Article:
Ribosomal genes are useful for tracing evolution and relationships, especially in bacteria. However, mitochondrial genes have an advantage over the ribosomal genes as they are not encoded by the nuclear DNA, but are present as circular molecules in the cells. As such they are less likely to be degraded with time; therefore bones, teeth, or tissue fragments can be identified even after a long time.

Exploiting Unique DNA Sequences

The presence of unique DNA sequences allows scientists to identify signature sequences that can be later used as probes to detect individual organisms or to detect a particular gene. Changes of even one base pair can be readily detected by most hybridization techniques and by sequencing. Signature sequences are particularly important for diagnosis of viruses, which are the pathogens that lack ribosomal or mitochondrial genes. Their detection and identification is greatly simplified by using these sequences, as traditional methods can take up to a few weeks.

The unique DNA sequences can also be used to design primers (short DNA fragments needed to initiate DNA amplification) for polymerase chain reaction (PCR). There is adequate difference between all the genes within one organism, as well as between organisms from different species, to ensure that the selected primers will only amplify the target sequence even if a mixture of different DNA molecules is present. This allows scientists to design diagnostic and identification tests for the common pathogens and diseases and for parts of the pathogen's genome.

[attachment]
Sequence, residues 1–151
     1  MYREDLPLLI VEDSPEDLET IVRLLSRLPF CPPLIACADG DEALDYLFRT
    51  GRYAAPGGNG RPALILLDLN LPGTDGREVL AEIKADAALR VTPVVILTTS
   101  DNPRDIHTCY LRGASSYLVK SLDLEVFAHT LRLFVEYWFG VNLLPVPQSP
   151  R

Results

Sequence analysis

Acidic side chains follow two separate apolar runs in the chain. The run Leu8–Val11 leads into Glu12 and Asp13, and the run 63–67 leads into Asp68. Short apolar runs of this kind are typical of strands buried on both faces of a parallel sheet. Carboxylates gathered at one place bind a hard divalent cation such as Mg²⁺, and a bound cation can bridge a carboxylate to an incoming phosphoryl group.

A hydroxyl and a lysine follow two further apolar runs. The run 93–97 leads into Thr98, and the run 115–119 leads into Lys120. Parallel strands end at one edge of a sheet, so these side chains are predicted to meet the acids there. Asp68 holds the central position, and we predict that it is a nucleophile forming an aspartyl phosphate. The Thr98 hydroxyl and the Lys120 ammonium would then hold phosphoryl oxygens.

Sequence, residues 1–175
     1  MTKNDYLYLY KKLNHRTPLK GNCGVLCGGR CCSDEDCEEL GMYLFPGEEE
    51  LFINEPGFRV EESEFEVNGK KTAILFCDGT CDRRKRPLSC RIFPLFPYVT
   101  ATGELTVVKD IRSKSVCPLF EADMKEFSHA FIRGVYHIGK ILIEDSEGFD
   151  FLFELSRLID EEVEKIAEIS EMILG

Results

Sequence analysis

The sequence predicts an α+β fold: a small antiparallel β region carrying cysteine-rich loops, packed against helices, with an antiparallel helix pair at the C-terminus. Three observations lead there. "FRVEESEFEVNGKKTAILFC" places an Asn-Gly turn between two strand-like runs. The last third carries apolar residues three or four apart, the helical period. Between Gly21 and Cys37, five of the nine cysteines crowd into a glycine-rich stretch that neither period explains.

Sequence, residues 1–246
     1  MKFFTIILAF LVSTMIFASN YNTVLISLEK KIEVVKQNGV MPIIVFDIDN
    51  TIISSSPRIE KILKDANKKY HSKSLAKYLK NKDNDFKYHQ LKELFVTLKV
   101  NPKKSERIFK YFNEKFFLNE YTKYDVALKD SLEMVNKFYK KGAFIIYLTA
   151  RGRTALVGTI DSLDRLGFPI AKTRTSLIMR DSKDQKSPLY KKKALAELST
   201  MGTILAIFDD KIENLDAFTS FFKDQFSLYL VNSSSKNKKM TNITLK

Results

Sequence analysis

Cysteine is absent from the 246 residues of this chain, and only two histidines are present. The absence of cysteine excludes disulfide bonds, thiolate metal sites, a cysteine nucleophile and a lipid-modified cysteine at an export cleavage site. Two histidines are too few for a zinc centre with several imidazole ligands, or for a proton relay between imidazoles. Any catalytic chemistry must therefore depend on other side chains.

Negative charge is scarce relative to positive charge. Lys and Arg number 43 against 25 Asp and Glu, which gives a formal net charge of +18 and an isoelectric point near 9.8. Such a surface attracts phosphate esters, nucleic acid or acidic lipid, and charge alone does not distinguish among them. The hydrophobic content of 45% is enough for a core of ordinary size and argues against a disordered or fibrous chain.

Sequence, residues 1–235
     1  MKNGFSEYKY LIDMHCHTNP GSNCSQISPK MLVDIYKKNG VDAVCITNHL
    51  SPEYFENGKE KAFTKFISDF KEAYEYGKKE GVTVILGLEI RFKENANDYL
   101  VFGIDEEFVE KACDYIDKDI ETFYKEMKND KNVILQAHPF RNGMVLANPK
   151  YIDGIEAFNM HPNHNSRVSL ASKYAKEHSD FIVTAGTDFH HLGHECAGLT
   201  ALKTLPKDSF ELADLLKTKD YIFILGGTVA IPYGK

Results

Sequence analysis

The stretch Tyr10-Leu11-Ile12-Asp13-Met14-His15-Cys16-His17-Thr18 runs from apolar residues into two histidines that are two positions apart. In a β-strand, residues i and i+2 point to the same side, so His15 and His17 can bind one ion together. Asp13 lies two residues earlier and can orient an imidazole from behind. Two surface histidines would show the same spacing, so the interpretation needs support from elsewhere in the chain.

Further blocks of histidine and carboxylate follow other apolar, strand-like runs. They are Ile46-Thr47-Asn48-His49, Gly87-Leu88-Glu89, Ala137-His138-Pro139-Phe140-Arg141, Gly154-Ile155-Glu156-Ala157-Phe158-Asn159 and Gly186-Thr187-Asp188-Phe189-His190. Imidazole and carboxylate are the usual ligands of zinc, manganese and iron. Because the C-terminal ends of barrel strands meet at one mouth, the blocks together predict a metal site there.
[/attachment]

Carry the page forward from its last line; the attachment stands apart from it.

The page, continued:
Identification of people. Although every person has unique DNA (except for the identical twins), identification of people is not based on the sequencing of someone's genome. Instead, analysis of mitochondrial DNA in a region of a displacement-loop (D-loop or control region) or of short tandem repeats (STRs) is used for identification purposes. D-loop analysis is used for individual identification in forensic analysis. This is possible due to the polymorphisms of such sequences resulting from substitutions of base pairs during DNA replication process (for example, instead of A, DNA polymerase incorporates T).

The D-loop region is 1274 base pairs long and is located between the genes encoding transfer RNA (tRNA) for proline and tRNA for phenylalanine and contains the regulatory regions of the for replication other genes.

The main method used for the identification of the changes in this region is PCR amplification and sequencing. However, new microarray approaches are under development.